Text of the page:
Stupid questions I've been asked while knitting

I am used to being asked if I am 'crocheting', when I knit in public.  For some reason, that word seems to spring more readily to mind amongst non-knitters. And I've had all the usual questions about 'how do I have the patience' and 'can't you just buy that at the store'.

But  an elderly work colleague who at least knew what knitting was, has just really stumped me.  He came up to me in the break room, where I was knitting the fourth finger on my Sanquhar glove , and asked me, wait for it..., if. I. had. knit. it. all. myself.  I was so astounded I had to ask him to repeat himself, because I thought I had misheard. But I was right the first time.

Does he think that you can buy fair isle gloves partially knit, with the needles threaded through waiting to go?  (I suppose it would be like those tapestry cushions where they've already stitched the middle and you just have to finish off the background). Or maybe he thought that someone else had knit all the hard part and I was just finishing off the final finger.

I hardly knew what to say, so I just smiled and confirmed that I had.  Then he informed me that you never see people knitting anymore.  I decided against trying to explain Ravelry, or Knit Camp, and just smiled and agreed.  Then he went away, and I kept knitting.

Friday, 20 August 2010

Where is the Laundry Fairy when you need her?

I'm just back from a few days camping in the extremely wet south of Wales.  We were meant to stay another night, but we lost the will to live after it rained for the fourth night running, and all day on Thursday.  Everything we had with us is damp and nothing was drying because the humidity was about 98%.  So now I have a load of wet muddy laundry to do, as well as all the laundry from Knit Camp, plus the entire house is draped with sleeping bags, curtains, and bits of awning that we are trying to dry out.  We did have some intermittent sunshine the first few days, and enjoyed our visit to the Medieval Village at Cosmeston, and the fabulous National History Museum which is a big collection of historic Welsh architecture all brought together and rebuilt in one park (and there were some Welsh quilts in the gallery and on some of the beds).  There was a great haberdashery shop in Portcawl which was like an Aladdin's Cave, where I picked up some spring-loaded closures and cord with which to sew my own project bags for knitting.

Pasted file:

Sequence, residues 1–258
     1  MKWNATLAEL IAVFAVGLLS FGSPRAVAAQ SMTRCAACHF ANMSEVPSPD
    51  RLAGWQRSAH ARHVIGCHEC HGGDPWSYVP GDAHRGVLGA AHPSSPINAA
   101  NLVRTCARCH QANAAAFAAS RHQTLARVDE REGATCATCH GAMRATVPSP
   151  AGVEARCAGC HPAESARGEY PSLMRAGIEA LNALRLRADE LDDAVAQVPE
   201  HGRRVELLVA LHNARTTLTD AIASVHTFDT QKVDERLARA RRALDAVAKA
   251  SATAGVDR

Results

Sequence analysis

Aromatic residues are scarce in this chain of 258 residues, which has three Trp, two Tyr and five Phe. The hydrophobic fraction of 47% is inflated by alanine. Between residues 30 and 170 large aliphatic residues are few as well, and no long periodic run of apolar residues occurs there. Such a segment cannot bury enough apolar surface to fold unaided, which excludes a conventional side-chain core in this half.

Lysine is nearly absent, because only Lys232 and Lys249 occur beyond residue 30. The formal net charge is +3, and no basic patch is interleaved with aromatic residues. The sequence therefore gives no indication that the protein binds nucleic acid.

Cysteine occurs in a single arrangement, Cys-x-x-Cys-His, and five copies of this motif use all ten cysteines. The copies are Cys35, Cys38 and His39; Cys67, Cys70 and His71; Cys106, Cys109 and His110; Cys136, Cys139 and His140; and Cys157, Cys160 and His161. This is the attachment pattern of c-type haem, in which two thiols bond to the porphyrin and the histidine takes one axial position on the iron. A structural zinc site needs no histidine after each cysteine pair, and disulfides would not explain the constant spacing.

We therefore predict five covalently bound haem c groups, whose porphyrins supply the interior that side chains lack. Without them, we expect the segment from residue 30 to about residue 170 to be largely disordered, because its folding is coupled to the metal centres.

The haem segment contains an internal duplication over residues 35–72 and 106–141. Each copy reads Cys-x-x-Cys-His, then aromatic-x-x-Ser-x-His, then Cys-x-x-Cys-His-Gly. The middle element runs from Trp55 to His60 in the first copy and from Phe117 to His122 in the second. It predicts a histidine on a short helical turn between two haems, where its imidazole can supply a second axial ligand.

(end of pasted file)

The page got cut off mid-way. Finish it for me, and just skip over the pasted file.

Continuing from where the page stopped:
While I was camping, I was able to follow a bit of the Knit Camp fall-out on my mobile phone.  Which has been very interesting because although there has been much more positive coverage as the knit campers start to blog their positive experiences, the car wreck fascination has continued.  Apparently one blogger who has portrayed her personal 'completely honest' account of her week has attracted over 3,000 hits, probably because her blog was getting re-Tweeted a lot. Even my little blog has shown a 276% increase in visits (I just checked my stats) because people are so interested to find out what it was really like. I don't think I have said that this was my first event that I have attended which was taking place as much in the virtual world as it was in the real world.  Even the campers actually in Stirling were still getting a lot of their information from Ravelry and from Twitter (partly due to the information vacuum on campus), and it was possible to attend an event or a class, then look online to see what other people thought of it.  Like a room of endless mirrors, with all the different experiences to compare to one's own personal experience - which then influenced one's own perceptions of what was happening.  And the post-camp post mortem has been more of the same, with some really positive Tweets and blogs from campers and tutors, versus the people determined to record every wart and blemish.  Which personally I think is a bit reckless, given that the internet lives on forever on back-ups and in archives.  I'm still really grateful that I had the opportunity to be there, and I made some good friends and have some really positive memories.